The Westernization of weddings is becoming a "pop" phenomenon. With Chinese Valentine's Day on Aug. 19, it seems that more and more Chinese people are giving their wedding ceremonies a Western face, literally, by hiring expats to perform Western-style wedding ceremonies.
"It all comes down to appearances," says American Anthony Ford, who performed nearly 50 wedding ceremonies last year. Expat "ministers" do not require licenses; their role is simply to be part of the performance. "Without an expat for a minister, the image of authenticity would be severely compromised. And to fulfill your dream in the most convincing manner, it's vital that you make it look like the real thing."
Performance is key in a city whose love of pop culture and thirst for "wo ai ni" ballads permeates everyday life. "Western weddings are, theoretically, based on love. They're seen as more romantic," says Ford. "Couples feel that, by doing something different, they make their weddings more memorable." However, acceptance is not guaranteed. According to Ford, there are still many people who feel it's ridiculous and refuse to attend these ceremonies on account of differences in beliefs. Gong Yin, who has been working in the wedding business for five years, adds, "It may seem [to some] as an unnecessary act of disloyalty to [one's] native customs."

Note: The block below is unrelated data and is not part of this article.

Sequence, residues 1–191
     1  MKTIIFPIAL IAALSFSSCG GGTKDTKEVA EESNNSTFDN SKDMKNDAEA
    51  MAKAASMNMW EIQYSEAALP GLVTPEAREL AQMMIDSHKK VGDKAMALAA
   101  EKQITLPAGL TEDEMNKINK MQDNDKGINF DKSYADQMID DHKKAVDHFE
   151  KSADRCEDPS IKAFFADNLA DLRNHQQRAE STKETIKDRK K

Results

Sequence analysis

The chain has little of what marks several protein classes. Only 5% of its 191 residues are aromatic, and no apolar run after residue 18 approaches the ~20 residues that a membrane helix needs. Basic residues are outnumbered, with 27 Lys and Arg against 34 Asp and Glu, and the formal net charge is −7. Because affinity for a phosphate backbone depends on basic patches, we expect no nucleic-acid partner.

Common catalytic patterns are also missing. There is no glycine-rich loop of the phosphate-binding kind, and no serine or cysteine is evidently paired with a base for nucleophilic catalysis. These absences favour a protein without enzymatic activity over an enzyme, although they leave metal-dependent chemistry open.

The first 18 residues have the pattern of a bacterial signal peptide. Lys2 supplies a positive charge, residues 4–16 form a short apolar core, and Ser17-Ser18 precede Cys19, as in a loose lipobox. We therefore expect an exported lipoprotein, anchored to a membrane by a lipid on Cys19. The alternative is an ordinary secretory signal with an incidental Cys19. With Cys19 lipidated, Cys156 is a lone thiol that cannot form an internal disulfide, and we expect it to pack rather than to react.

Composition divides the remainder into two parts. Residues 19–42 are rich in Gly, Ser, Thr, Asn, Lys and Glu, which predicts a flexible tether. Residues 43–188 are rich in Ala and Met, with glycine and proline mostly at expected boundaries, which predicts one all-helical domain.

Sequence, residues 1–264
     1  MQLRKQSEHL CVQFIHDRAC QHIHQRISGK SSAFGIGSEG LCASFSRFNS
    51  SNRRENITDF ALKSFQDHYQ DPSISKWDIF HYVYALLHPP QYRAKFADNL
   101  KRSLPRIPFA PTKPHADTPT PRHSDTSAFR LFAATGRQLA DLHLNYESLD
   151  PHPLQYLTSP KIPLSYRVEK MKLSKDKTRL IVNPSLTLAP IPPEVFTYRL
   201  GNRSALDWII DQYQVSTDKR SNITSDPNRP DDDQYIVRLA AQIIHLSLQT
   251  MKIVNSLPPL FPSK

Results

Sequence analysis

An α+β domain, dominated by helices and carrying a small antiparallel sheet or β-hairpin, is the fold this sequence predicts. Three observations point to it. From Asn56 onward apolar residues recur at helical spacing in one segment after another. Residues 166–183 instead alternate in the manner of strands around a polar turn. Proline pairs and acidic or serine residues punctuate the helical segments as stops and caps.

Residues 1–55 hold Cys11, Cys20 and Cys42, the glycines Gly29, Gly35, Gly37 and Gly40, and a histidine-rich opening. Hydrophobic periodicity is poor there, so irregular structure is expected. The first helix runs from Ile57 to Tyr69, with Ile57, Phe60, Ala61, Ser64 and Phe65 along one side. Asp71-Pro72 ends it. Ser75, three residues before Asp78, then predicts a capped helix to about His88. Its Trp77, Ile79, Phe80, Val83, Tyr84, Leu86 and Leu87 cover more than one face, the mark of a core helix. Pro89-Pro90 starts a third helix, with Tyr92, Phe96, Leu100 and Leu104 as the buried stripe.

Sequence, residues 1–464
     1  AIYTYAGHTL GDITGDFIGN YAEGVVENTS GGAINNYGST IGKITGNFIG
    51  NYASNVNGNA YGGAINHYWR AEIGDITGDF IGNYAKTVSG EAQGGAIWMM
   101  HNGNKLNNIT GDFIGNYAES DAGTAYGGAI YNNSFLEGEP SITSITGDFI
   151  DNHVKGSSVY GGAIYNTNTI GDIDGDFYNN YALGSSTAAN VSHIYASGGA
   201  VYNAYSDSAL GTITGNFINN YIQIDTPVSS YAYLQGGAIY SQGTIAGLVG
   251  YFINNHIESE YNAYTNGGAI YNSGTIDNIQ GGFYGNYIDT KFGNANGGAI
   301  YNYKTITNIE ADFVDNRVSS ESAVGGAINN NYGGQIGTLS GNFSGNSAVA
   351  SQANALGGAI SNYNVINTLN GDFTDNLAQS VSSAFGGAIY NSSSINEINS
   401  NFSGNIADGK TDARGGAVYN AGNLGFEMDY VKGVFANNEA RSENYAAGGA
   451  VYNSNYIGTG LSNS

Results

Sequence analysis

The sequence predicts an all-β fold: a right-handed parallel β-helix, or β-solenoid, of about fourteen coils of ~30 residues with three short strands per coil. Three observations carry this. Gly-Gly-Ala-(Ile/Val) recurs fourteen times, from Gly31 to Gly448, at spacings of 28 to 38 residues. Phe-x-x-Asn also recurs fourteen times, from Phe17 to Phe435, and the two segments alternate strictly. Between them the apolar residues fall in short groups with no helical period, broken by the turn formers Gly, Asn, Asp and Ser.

Is the Westernization of weddings inevitable? Sun Jie, manager of Shanghai Bride Wedding, thinks so. As Shanghai becomes increasingly international, "People are just going with the flow. If you see your friend saying vows before a white priest, you'll be inclined to follow suit." But cross-cultural exchange works both ways. As weddings become more secular, "many Westerners choose to hold Chinese-style wedding ceremonies. Some come explicitly to China for this purpose," says Gong.
With one of the highest disposable incomes in the nation, Shanghainese lovebirds are increasingly willing to spend large amounts of money on their weddings, and Western jet-setters are constantly looking for unique ways to celebrate their unions. "There will always be businessmen ready to take advantage of [this]," says Gong. "In the end, it doesn't matter how you commemorate it, as long as you enjoy yourself."
（英语点津 Linda 编辑）